Duluth bridge lighting stirs debate

The city's decision not to light the Aerial Lift Bridge blue and gold draws criticism.

The Aerial Lift Bridge in pink
The Aerial Lift Bridge was lit up in pink, courtesy of the American Cancer Society, in October 2012 to call attention to a breast cancer 5K walk at Lake Superior College. In April 2020, the city stopped lighting the bridge for special occasions or causes.
File / Duluth News Tribune

DULUTH — Amid calls to light the Aerial Lift Bridge blue and gold as a show of solidarity with Ukraine, city officials Monday defended their decision not to do so.

Duluth did light Enger Tower in the colors of the Ukranian flag over the weekend, but balked at the idea of following suit with the bridge.

The city equipped the bridge with a new LED lighting system in 2020 at a cost of $155,000. The lighting is more efficient, saving the city more than $5,000 annually in electrical costs, and it also provides for the possibility of a diverse color palette.

But Noah Schuchman, Duluth's chief administrative officer, explained to the City Council on Monday night that city staff have stopped the practice of changing the lighting for special occasions or causes since April 2020.

"The city does not accept requests for lighting the historic lift bridge, which is an internationally recognized landmark and on the state and federal historic registry," he said.


"For that reason, there is no policy to guide its lighting," Schuchman said, noting that there had been two recent previous decisions to light the bridge in 2020 — once to honor first responders during the pandemic and once again to honor graduating local high school seniors.

The city received a subsequent flood of additional requests to light the bridge for special occasions, according to Schuchman, who said: "These requests were and are overwhelming for staff and put us in the difficult position of determining which cause should benefit by its lighting and which cause should not. Someone would always be disappointed."

Schuchman said the city is stepping back from accepting new requests for special lighting at Enger Tower, as well. As Duluth seeks to develop a formal policy, it will, however honor prior lighting commitments it has already made at Enger.

While at large Duluth City Councilor Terese Tomanek said she understands many of the city administration's concerns about lighting requests, she objected to the decision not to light the bridge blue and gold as a sign of unity with Ukraine, while the country faces a Russian invasion.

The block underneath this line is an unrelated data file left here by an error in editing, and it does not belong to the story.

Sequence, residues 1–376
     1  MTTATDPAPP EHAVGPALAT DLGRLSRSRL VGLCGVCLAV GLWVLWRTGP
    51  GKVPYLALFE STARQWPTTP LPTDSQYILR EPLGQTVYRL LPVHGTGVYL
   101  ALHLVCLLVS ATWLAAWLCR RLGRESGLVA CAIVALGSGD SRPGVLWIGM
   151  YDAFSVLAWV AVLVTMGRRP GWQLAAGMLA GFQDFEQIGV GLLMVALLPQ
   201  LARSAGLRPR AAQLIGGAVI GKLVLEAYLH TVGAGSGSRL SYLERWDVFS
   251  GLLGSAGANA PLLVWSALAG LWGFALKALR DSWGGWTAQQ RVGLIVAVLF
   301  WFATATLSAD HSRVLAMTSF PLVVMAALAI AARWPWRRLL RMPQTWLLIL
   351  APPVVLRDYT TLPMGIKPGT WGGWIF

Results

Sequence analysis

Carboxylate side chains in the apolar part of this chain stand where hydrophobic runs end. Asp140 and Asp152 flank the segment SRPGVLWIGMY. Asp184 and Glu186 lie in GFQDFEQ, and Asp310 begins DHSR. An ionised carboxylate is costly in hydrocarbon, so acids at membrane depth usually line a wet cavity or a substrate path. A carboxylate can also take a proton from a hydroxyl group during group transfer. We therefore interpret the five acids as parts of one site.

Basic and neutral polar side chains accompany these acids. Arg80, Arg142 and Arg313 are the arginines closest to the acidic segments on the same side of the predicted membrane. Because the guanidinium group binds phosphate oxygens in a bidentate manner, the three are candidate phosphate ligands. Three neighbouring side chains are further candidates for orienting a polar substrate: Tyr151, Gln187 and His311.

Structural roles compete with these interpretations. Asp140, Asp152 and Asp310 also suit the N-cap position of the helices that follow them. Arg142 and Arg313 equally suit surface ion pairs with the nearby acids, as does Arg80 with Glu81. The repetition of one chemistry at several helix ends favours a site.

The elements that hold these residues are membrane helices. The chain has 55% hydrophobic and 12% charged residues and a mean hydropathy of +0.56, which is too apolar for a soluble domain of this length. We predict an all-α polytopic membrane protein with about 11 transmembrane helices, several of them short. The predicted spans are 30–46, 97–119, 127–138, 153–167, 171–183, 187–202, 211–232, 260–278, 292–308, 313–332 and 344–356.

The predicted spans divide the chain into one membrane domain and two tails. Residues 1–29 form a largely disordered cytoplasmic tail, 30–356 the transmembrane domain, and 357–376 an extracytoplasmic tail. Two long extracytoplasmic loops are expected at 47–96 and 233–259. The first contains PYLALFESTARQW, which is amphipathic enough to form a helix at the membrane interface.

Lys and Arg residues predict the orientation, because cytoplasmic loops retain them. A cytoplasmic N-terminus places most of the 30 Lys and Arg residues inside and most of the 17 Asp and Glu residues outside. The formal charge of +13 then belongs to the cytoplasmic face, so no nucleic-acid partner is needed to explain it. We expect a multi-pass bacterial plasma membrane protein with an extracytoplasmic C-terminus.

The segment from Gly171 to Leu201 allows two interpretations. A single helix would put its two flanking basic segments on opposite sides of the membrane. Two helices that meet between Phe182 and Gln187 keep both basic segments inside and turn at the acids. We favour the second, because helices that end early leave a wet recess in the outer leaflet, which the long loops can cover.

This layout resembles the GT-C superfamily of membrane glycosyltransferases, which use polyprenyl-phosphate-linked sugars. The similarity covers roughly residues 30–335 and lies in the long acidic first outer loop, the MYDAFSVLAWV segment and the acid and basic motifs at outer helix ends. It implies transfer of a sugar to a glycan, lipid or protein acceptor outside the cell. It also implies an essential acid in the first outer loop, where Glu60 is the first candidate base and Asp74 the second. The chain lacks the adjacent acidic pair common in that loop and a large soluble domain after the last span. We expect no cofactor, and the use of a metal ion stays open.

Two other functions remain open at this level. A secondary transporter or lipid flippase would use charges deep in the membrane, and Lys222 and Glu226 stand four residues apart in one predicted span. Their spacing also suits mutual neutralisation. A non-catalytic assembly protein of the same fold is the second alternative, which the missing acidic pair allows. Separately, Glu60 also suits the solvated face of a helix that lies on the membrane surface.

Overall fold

"Rarely do we have a world crisis such as what is happening in Ukraine. We don't have a policy on lighting the bridge yet, and even if we did, I would hope that an exception would be made to show the support of our community for what's happening in Europe," she said.

"This is in line with the will of our community and humanitarian support. And it appears to me that though it's a complex issue, there's an easy answer," Tomanek said.

Council President Arik Forsman said: "I appreciate the administration's intent around being fair and clear and transparent. ... I also will share that as emails were coming in, I was agreeing with folks who were weighing in saying it would have been nice to have had the bridge lit.

"I do think that there are certain circumstances that warrant exceptions to policy. I know that's a slippery slope, but this is a big deal," he said, noting that his own decision to wear a blue shirt and a gold tie to Monday's council meeting was an intentional show of support to the people of Ukraine, as well as the many people with close ties to that country.


In a news release issued Monday afternoon, Duluth Mayor Emily Larson said: “We all know why people want to utilize or light the bridge for the issue that is impacting or an idea that is motivating them — it’s a structure that is iconic and memorable; on the state and federal historic registry for national significance, the Bridge that lets you know where you are. For these same reasons, the City has chosen to make the bridge off-limits for personal life events, political, financial, commercial or causal gain.”

The mayor's statement continued with the following commentary: “I understand the emotional toll the invasion of Ukraine is having on people around the world, and I unequivocally, with my whole heart and being, condemn the attack by Russia. In a time when I know we are all searching for what we can do in support of those who are suffering, lighting is one thing we can choose to focus on. But I humbly suggest we direct our collective energy and individual financial capacity towards donations and efforts to support the Ukrainian people and prepare ourselves for the opportunity to be a welcoming home for future refugees who may need us.”


Peter Passi covers city government for the Duluth News Tribune. He joined the paper in April 2000, initially as a business reporter but has worked a number of beats through the years.
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